The damage to this protective membrane causes inflammation and slows down or completely stops communication between nerve cells.
Statistically, Caucasians and women are the most susceptible to MS, and sufferers most often begin to show signs of the disease between the ages of 20 and 40.
The symptoms of MS include cognitive impairment, visual and speech disturbances, muscle weakness, trouble with coordination and balance, numbing or prickling sensations, thinking, and memory difficulties, moderate to severe pain, bladder and bowel dysfunctions, and mental state effects like depression and euphoria.
Some patients experience loss of writing, speaking, and walking abilities.
Although there is no known cure for MS at this time, there are various treatments that help slow its progression, control symptoms, and improve quality of life. Regimens of disease-modifying medications act to reduce the frequency and severity of MS attacks and can treat brain lesions and atrophy.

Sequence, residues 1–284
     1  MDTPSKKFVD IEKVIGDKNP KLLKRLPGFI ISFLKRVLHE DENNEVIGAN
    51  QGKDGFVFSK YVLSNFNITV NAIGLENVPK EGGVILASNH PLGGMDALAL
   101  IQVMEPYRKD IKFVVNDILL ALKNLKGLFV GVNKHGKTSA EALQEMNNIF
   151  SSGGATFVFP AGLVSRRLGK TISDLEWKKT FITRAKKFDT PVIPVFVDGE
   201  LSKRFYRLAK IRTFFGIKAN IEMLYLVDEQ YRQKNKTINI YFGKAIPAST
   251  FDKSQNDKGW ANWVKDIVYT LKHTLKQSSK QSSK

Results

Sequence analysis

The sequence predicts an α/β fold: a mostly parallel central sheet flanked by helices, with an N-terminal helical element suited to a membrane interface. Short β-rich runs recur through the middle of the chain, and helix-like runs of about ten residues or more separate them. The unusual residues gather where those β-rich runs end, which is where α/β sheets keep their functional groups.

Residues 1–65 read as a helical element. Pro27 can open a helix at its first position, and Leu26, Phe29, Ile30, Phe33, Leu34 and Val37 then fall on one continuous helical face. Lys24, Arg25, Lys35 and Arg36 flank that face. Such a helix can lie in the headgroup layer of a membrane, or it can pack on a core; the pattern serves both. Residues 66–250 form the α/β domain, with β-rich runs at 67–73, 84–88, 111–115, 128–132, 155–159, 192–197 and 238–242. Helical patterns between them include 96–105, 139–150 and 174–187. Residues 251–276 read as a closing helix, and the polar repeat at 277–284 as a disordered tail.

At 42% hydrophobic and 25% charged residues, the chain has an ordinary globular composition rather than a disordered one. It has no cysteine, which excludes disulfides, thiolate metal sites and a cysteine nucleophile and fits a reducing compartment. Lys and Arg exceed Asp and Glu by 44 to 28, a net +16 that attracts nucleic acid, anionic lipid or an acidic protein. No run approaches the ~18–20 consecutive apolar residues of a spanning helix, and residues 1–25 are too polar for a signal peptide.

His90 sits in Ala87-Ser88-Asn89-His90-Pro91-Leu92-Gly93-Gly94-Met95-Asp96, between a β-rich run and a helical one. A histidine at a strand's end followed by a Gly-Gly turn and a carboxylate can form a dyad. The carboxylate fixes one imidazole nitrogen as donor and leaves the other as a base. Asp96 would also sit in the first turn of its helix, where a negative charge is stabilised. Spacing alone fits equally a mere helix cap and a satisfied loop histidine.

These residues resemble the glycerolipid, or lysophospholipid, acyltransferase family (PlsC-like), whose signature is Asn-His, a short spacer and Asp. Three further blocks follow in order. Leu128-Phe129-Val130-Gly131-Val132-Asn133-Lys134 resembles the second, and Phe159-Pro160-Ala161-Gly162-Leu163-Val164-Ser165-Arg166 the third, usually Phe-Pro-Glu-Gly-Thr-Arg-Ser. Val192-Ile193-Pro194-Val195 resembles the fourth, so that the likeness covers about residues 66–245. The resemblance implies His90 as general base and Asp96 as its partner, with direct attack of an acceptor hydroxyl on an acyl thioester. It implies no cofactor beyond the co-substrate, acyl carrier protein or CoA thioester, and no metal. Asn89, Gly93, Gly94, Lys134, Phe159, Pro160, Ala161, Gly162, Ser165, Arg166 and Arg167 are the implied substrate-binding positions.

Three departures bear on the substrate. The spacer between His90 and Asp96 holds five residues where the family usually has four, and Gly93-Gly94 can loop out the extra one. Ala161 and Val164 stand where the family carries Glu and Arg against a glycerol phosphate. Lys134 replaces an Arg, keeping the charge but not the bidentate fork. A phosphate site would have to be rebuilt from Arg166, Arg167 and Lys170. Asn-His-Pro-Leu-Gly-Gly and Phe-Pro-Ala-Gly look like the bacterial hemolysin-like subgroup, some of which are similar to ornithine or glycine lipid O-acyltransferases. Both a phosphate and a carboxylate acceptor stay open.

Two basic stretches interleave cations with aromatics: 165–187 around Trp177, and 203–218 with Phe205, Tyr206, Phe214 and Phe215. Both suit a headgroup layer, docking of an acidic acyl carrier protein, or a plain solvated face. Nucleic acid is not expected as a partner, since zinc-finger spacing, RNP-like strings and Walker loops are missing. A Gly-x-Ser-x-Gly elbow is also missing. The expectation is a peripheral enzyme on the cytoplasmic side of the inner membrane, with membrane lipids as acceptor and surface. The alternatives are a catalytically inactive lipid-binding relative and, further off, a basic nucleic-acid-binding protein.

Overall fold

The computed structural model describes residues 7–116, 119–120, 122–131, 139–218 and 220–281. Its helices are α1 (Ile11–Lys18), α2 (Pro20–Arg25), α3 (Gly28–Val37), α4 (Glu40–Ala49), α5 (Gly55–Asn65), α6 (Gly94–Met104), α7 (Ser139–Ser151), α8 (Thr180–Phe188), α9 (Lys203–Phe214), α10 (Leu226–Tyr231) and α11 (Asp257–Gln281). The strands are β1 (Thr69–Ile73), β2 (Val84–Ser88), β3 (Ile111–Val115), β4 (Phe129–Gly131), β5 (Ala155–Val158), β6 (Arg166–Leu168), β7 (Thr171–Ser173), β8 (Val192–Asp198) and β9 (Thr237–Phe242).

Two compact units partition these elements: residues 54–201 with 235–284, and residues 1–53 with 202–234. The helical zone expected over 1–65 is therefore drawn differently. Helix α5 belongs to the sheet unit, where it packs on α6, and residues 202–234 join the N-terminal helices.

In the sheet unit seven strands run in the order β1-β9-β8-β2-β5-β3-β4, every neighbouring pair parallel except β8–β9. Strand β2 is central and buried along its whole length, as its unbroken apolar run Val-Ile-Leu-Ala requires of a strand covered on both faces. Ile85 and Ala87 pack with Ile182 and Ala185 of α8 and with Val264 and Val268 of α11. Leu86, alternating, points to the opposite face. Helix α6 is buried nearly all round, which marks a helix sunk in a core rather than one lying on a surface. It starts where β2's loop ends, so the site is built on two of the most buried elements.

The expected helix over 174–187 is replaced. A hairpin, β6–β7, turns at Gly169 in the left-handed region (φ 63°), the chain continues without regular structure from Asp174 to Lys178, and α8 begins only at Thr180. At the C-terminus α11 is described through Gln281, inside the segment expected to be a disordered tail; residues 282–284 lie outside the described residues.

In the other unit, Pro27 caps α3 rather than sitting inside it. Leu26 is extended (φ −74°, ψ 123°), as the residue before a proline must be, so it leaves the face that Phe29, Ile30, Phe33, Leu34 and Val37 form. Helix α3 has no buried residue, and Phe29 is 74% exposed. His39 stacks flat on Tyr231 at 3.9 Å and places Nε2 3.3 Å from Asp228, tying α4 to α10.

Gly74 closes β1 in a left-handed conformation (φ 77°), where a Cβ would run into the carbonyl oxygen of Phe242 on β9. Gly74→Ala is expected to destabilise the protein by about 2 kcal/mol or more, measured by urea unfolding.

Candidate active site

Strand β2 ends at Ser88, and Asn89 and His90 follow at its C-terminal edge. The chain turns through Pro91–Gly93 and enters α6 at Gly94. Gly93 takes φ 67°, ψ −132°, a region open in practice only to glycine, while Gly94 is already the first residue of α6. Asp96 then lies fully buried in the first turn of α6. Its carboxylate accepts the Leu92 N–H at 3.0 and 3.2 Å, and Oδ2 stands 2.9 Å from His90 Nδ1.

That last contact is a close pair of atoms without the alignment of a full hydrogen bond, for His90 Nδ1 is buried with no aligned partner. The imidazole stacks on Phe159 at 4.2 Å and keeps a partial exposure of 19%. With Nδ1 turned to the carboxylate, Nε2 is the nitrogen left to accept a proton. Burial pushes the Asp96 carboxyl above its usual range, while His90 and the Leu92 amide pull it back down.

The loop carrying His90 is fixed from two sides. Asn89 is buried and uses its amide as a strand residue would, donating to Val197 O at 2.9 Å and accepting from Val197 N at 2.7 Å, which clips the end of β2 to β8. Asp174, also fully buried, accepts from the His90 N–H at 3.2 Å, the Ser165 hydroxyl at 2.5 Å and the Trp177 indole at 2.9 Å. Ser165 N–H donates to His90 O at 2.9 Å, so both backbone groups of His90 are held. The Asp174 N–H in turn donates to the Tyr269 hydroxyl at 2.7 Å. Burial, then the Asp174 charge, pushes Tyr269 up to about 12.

Corticosteroids may also become necessary to defeat severe inflammation as the disease progresses.
Over 2.5 million people worldwide suffer from MS.
As with many other diseases, proper diet, stress relief, and symptom management practices like acupuncture, and chiropractic bring substantial benefits to MS patients.
Various workshops and therapeutic sessions have also been shown to help manage symptoms.
Due to the variation of the location and severity of attacks on neurons in the central nervous system, symptoms vary among people and episodes.
An episode can last anywhere from a few days to a few months, and alternate with periods of reduced or no symptoms, known as remission. A relapse (return of symptoms) is not necessary for the disease to continue or even worsen.